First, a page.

A bill was recently passed in parliament on March 11 that ensures private sector workers earning less than Rs. 40,000 will receive a mandated Rs. 2,500 increase. In addition, the bill fulfils a pledge from the Rajapaksa era to institute a national minimum wage of Rs. 10,000. While some details may be modified in the process of turning the bill into an act, it is worth addressing its content. The current government should be commended for making good on its promises from last year to increase private sector wages. There are issues, however, with the technical framing, insofar as it does not appear that there is a clear and effective mechanism for periodic revision of the minimum wage.
This is especially problematic given the fact that the minimum wage of Rs. 10,000 is a political “compromise” and thus does not reflect the true needs of ordinary people. The minimum wage has an important role to play in a context where organised labour faces significant uphill battles. The fact that Sri Lanka has a very low rate of unionisation, less than 15 per cent according to the ILO, combined with the politicisation of enforcement, means that often many workers are not paid even the benefits to which they are entitled. As a result, it is not enough to simply pass the current bill. There must be a concerted effort to outline a mechanism that will determine the minimum wage going forward, in addition to making it enforceable. It is worth considering proposals to create a “National Wage Council,” and practical ways of implementing such a mechanism that are being discussed.
Purpose of the minimum wage
In the past, employers have argued that wage increases mandated by the government undermine capital growth because they are arbitrary. They argue that wages must be linked to productivity. An ILO report on the “Fundamentals of Minimum Wage Fixing” notes, however, that wage becomes a focus of politicisation in contexts where other mechanisms for increases are unavailable. Employers’ hostility toward government-mandated wage increases is ironically a product of the weakened state of organised labour in Sri Lanka, including the fact that fewer workers are represented by existing institutions such as the Wages Boards. While there are Wages Boards established for 43 industries, they currently cover less than 20 per cent of the labour force (calculation based on www.salary.lk and the Labour Force Survey). Moreover, the Wages Boards do not always meet regularly, and so there are concerns about their effectiveness as forums to articulate workers’ concerns.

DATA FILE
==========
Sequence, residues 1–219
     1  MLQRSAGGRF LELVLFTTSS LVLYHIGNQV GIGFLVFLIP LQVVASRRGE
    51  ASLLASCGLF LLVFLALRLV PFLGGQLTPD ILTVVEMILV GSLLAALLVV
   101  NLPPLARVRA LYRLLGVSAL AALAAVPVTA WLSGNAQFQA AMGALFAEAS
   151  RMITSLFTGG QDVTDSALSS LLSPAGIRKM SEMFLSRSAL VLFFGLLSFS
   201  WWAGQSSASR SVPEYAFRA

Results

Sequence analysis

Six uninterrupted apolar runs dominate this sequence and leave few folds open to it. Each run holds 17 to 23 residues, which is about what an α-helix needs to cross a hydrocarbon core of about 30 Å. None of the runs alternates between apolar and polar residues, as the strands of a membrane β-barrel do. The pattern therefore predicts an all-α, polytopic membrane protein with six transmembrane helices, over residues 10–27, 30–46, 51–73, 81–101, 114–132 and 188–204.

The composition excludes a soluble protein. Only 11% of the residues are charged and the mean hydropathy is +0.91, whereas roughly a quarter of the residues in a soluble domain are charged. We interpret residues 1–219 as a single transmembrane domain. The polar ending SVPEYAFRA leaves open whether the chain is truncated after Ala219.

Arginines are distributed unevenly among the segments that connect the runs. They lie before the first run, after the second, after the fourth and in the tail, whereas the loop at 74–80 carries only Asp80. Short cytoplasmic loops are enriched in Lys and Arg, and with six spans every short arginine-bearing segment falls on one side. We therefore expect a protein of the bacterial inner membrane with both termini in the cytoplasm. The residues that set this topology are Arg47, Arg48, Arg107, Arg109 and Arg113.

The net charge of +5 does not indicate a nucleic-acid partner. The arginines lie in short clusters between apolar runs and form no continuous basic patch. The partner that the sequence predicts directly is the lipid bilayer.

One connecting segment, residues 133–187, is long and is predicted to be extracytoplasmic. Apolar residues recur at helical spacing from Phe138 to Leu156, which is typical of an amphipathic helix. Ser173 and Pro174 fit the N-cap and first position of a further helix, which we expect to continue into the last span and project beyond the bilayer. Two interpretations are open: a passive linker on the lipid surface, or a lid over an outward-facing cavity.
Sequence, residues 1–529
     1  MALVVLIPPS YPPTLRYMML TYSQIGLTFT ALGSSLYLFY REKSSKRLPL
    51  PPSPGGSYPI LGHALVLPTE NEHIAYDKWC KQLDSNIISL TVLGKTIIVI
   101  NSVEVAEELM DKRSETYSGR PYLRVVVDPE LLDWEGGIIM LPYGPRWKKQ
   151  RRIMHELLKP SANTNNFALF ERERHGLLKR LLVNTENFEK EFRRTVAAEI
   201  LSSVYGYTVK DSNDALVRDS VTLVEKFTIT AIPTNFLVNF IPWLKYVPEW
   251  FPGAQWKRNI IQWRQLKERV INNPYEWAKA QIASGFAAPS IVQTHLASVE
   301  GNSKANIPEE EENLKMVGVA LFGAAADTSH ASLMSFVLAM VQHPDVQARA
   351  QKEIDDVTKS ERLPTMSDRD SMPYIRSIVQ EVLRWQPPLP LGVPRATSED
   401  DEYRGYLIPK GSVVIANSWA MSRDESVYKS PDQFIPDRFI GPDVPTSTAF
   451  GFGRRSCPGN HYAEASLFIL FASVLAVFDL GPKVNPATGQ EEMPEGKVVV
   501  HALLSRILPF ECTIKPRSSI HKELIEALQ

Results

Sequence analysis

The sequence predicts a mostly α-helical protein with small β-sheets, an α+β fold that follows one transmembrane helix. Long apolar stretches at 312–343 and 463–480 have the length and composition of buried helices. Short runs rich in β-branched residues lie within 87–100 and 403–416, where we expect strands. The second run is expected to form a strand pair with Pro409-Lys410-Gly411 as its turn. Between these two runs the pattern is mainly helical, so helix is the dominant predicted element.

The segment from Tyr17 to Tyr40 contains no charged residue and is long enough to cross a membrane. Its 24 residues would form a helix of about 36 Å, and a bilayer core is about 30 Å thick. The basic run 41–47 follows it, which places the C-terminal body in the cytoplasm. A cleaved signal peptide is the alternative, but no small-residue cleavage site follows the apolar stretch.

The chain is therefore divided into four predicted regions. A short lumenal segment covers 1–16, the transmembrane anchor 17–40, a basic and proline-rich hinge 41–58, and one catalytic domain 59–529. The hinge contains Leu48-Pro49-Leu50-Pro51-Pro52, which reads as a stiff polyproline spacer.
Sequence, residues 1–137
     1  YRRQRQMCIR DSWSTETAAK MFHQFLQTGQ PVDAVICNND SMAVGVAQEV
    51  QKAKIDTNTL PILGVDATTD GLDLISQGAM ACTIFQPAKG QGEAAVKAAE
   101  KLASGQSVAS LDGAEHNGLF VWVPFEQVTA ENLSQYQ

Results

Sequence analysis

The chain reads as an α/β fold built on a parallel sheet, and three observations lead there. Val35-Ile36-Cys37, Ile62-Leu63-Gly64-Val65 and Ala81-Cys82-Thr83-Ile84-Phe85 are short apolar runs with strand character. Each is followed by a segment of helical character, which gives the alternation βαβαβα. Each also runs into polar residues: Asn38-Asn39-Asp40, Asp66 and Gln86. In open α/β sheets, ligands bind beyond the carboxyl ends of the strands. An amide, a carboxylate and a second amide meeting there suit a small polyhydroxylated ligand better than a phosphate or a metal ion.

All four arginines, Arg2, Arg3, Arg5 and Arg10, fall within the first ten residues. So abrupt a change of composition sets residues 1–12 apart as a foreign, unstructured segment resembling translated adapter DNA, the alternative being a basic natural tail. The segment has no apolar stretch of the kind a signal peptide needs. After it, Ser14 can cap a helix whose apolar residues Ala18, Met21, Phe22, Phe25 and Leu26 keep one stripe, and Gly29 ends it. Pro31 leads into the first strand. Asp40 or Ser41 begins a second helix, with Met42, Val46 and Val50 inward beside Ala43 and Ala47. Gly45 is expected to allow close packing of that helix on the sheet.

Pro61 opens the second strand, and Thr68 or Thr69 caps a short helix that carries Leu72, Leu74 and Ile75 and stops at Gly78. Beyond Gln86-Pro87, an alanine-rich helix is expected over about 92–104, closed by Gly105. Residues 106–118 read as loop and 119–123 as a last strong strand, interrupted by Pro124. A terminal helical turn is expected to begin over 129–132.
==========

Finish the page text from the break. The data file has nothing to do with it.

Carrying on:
If we look back at past examples, the report of the National Wage Policy Commission of 1961 offers an alternative set of principles for understanding the importance of the minimum wage. One of the last systematic attempts to try and establish a set of principles for determining the minimum wage, the Commission recommended the creation of a National Wage Council that would be staffed with representatives from employers, workers, and the government. The report argues that there are two principles for determining wages: social justice and economic development. It says that while industry must grow, this should not infringe on a decent standard of living for workers. The report also criticises vague appeals to tie wages to “productivity” by arguing that the minimum wage should be justified by the industry average, not the lowest common denominator of the firm that can barely pay its employees.